by Donna Berman
When I first came to work at Charter Oak Cultural Center, I was fascinated by St. Peter’s Catholic Church, which is around the corner from us. I was fascinated because I couldn’t figure it out—why was there a huge round window with a Star of David in the center of it on the front of the church?
Had it originally been a synagogue? No, the architecture of the building, with its medieval spires, made it clear that it had not. It was a mystery. But then I found out the story.
Listen to this: The priest of the church and the rabbi at the synagogue, Rabbi Feldman, were best friends. In a stunning act of love and brotherhood, the priest put the Star of David on the face of the church to honor his friend.
We are living in such polarizing times. There are many factors that have contributed to this. It is sad. It is frightening. It is wrong. I fear that the lessons we thought we had learned from the tragedy of the Holocaust are being forgotten.
The Saturday before Passover, I was in my car listening to Weekend Edition on NPR. Really, I was half-listening. Then, something caught my ear. The host, Scott Simon, in his distinctly Scott Simonish voice, was reading an essay about Tornillo, a detention center for young immigrants in Texas.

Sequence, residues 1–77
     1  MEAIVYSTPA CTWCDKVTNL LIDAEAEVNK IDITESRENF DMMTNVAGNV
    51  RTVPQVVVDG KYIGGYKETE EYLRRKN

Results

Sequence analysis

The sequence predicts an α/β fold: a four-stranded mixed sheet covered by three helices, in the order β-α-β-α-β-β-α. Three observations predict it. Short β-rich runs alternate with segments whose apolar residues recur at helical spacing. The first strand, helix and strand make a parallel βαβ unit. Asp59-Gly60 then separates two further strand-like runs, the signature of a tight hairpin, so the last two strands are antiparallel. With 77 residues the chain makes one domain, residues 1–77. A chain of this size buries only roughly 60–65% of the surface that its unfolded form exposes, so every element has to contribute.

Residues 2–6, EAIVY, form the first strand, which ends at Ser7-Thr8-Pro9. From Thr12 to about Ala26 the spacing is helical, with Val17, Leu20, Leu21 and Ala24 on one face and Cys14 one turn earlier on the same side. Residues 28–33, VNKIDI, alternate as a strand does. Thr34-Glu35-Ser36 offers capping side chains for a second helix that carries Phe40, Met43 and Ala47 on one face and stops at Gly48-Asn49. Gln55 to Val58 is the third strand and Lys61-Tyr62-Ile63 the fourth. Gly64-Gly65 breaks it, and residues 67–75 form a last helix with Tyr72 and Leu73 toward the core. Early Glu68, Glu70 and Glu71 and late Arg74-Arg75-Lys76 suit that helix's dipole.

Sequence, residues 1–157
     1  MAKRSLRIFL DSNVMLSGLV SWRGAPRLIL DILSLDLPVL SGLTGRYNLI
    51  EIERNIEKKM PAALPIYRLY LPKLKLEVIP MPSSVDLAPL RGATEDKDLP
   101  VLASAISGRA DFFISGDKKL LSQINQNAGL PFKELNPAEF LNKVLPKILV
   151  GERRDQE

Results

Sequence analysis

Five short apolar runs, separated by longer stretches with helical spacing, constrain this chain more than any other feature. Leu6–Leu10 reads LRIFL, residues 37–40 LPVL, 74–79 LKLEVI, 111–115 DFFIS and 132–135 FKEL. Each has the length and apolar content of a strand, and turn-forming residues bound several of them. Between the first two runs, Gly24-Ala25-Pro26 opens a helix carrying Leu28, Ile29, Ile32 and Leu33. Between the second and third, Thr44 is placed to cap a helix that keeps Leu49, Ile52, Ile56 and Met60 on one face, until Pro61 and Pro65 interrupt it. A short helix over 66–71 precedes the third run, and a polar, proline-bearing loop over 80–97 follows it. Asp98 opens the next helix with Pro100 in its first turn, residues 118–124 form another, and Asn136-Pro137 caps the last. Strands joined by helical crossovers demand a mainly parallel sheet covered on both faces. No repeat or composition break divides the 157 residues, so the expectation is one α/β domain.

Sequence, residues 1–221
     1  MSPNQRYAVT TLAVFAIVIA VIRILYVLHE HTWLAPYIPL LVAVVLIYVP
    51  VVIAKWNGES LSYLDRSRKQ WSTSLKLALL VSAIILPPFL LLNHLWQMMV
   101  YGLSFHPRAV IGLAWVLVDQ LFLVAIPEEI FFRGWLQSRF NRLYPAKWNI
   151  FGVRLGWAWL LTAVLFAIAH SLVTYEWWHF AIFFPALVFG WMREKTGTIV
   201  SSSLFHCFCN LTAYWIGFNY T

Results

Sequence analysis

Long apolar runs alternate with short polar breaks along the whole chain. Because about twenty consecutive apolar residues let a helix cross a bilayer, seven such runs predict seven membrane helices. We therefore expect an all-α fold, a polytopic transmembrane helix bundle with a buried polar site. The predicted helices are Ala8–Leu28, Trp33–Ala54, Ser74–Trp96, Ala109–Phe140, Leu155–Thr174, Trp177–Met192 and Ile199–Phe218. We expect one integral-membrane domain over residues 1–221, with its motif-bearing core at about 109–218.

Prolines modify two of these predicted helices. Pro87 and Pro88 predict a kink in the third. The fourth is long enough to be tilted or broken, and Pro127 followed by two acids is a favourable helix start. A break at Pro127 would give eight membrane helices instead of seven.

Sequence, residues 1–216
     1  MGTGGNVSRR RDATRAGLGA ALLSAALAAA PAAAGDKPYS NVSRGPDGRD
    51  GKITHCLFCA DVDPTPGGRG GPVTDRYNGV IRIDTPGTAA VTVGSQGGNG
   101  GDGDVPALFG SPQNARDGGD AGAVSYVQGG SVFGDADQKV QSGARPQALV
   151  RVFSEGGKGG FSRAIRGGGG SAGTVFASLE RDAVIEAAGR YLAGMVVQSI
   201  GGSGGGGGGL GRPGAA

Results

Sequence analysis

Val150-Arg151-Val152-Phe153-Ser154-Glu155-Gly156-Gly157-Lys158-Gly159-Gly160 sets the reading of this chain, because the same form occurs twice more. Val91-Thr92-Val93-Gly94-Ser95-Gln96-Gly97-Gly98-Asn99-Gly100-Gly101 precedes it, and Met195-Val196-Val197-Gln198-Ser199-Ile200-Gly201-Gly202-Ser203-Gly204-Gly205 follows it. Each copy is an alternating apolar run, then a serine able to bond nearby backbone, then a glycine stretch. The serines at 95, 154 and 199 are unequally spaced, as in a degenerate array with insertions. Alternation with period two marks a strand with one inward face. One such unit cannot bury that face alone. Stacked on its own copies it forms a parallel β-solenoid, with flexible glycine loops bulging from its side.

The children lived in tents for months, not knowing when, if ever, they would be released. Some local teachers volunteered to go into Tornillo and teach art to the kids. Here’s how Scott Simons described their work:
“Many drew smiling parrots. Many sketched or painted scenes from a town church, with kindly countenances of the Madonna. Some cut and sewed traditional dresses. Many made clay figures of children, who played soccer, or rode and walked along with mules, alongside roads dotted with knit green hedges and trees. One painting shows birds flocking over a forest that is thick with fuchsia trees, against a sky of orange and red.”
Scott doesn’t make clear why this happened, but Tornillo was dismantled. He also doesn’t make clear what happened to those children. What he does tell us is that a priest who said mass at the center saw that the construction workers were throwing out the children’s art work and he, personally, saved it. Father Garcia said,
"What came through in the art was the strong spirit of these young men and women, who, even under those conditions, were still inspired to do something beautiful. The children could have just sunk into depression. But instead, they made a beautiful chapter in this whole, sad story."
I found myself crying in my car. For these children. For what our country has become. For the often overlooked power of the arts to heal broken hearts. The spirit of Charter Oak is the antithesis of this, it is the antidote to this.
The children of Hartford, while not behind barbed wire or living in detention centers, live a hard life. Just miles from their suburban peers, they live the realities of a pervasive racism and classism that we have seen brutally exposed in the past few years—poverty, a school system that, for the most part, fails them, hunger, inner city violence, the ever-present allure of self-medication through drugs and alcohol.
As the saying goes, all people have gifts, but not all people have opportunity.